31 Attention

32 compare Medal of Honor to Tetris Games which demand high capacity for attention, develop attentional capacity (!) Attention Green & Bavelier 2003, Nature

33 visual attention distracted & confused Review: Lavie 2005, TRENDS in Cognitive Sciences bottom-up noticing top-down selecting perceptual load how much not how hard

34 visual attention distracted & confused Review: Lavie 2005, TRENDS in Cognitive Sciences perceptual load how much not how hard goal relevant stimuli spare capacity task with increased perceptual load attentional capacity increased attentional capacity

35 visual attention distracted & confused Review: Lavie 2005, TRENDS in Cognitive Sciences bottom-up noticing top-down selecting perceptual load how much not how hard executive control prioritising stimuli during task

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37 very superior intellectually deficient 55 IQ score Changing generations: The Flynn effect After Flynn 1984, 1987 Psychological Bulletin & Neisser 1997 American Scientist % 25% 120

38 year data were collected IQ scores relative to reference Changing generations: The Flynn effect After Flynn 1984, 1987 Psychological Bulletin & Neisser 1997 American Scientist IQ IQ tests are periodically re-standardised

39 Changing generations: The Flynn effect practice ? schooling ? nutrition ?

40 Changing generations: The Flynn effect sun is to day as moon is to ______

41 After Raven 1976 Standard Progressive Matrices & 2002 News Scientist

42 year data were collected IQ scores relative to reference Changing generations: The Flynn effect After Flynn 1984, 1987 Psychological Bulletin & Neisser 1997 American Scientist IQ Ravens visuo-spatial

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44 Changing generations: The Flynn effect Steven Johnson Everything Bad Is Good for You: How Today's Popular Culture Is Actually Making Us Smarter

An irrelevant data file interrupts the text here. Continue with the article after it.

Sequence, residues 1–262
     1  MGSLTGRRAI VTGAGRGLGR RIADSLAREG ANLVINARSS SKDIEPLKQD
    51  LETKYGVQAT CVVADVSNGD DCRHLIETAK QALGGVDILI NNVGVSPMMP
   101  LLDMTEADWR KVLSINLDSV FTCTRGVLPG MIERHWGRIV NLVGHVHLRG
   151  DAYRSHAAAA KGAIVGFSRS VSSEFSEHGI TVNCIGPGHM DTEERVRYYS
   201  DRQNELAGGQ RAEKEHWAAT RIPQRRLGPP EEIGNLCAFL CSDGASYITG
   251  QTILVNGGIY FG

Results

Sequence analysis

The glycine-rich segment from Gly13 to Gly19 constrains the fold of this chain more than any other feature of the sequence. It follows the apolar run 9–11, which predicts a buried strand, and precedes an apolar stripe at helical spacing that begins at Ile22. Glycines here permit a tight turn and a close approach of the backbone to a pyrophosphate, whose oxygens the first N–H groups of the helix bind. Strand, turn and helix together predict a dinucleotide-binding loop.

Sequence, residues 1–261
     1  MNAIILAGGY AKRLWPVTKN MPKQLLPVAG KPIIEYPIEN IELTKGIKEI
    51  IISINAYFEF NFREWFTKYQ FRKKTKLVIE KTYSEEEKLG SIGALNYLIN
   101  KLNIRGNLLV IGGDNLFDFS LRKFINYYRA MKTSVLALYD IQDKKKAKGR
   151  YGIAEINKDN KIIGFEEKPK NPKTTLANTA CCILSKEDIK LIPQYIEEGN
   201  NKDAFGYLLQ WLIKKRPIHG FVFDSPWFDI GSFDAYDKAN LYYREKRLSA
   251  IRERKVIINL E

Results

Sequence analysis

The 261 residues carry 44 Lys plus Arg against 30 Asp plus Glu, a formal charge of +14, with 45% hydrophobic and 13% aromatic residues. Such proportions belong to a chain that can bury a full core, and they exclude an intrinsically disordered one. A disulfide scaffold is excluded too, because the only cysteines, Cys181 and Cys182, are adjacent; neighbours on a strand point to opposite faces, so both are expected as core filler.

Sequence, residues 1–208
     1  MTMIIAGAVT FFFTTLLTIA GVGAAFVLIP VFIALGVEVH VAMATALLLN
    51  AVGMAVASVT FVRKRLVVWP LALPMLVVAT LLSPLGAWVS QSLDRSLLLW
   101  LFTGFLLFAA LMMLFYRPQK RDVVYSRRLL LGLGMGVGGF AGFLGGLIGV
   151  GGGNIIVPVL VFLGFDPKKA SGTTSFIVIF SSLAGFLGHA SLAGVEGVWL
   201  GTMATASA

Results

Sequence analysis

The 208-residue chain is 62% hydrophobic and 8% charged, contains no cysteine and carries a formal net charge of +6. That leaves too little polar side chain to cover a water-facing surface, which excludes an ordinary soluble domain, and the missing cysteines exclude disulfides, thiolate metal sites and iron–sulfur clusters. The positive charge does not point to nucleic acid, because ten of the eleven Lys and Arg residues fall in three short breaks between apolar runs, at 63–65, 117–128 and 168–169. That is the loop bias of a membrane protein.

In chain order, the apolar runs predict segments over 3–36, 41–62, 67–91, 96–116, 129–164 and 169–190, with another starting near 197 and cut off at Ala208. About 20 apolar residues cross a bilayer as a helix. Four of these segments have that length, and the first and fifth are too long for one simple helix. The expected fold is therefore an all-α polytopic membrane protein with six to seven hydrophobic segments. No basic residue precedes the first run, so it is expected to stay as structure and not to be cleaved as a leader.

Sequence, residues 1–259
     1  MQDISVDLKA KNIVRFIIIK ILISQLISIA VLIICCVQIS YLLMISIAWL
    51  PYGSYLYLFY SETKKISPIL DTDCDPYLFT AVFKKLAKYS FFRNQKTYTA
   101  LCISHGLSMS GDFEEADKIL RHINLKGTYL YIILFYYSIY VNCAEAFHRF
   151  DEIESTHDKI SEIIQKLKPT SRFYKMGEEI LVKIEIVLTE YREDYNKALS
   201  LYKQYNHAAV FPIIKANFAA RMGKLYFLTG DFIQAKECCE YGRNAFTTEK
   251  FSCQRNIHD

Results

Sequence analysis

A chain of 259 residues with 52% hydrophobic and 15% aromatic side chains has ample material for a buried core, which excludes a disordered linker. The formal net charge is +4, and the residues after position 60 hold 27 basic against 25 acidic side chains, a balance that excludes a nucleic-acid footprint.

45 Bending minds how technology can change the way we think

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49 Huntingtons Disease Nurture can trump nature

50 van Dellen, Blakemore, Deacon, York & Hannan 2000, Nature Huntingtons Disease Nurture can trump nature

51 van Dellen, Blakemore, Deacon, York & Hannan 2000, Nature Huntingtons Disease Nurture can trump nature

52 Standard housing Enriched housing van Dellen, Blakemore, Deacon, York & Hannan 2000, Nature Percentage displaying profound symptoms Age (days) Non- Huntingtons Huntingtons Disease Nurture can trump nature

53 Isolated Enriched

54 Enriched environment? multi-sensory relevant emotional content interpersonal interaction - interdependent learning - (parental engagement) exercise nutrition / hydration blue light? VAK learning styles Brain Gym Water makes you smart WARNING! NEUROMYTHS!

55 .. plugged in networking in deep GM brain magnetic personality

56 Communication 3,900 people in UK 80,000 people worldwide cochlear implants

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58 Communication

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62 .. plugged in networking in deep GM brain magnetic personality

63 .. plugged in networking in deep GM brain magnetic personality

64 Neurobiofeedback

65 Scientific American Mind

66 Neuro bio-feedback

67 Thinking changes The world around us can change the way we think Technology can change the way we think internet- availabililty of information - internet society knowledge economy- conversion to knowledge - new productivity ?? augmented self- neurofeedback / devices - cognition enhancing drugs

68 Attention!

69 Hazards of technology SIMONS MOVIE Direct Line Mobile Phone Report 2002 (Transport Research Laboratory) *UK legal limit: 80mg/100ml *

70 Risk vs. benefit of technology Worlds first road traffic death 1896: coroner was reported to have said this must never happen again. 1.2 million people killed (2003) up to 50 million people injured (2003) predicted 65% increase over next 20 years

71 Bending minds how technology can change the way we think